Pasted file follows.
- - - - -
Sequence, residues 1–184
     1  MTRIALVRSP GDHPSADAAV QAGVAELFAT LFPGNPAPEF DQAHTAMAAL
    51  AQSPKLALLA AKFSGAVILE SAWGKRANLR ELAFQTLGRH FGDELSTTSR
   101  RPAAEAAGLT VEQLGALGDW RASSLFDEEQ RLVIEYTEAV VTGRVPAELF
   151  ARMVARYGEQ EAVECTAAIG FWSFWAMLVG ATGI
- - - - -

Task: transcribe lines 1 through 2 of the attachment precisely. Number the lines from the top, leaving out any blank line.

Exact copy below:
Sequence, residues 1–184
     1  MTRIALVRSP GDHPSADAAV QAGVAELFAT LFPGNPAPEF DQAHTAMAAL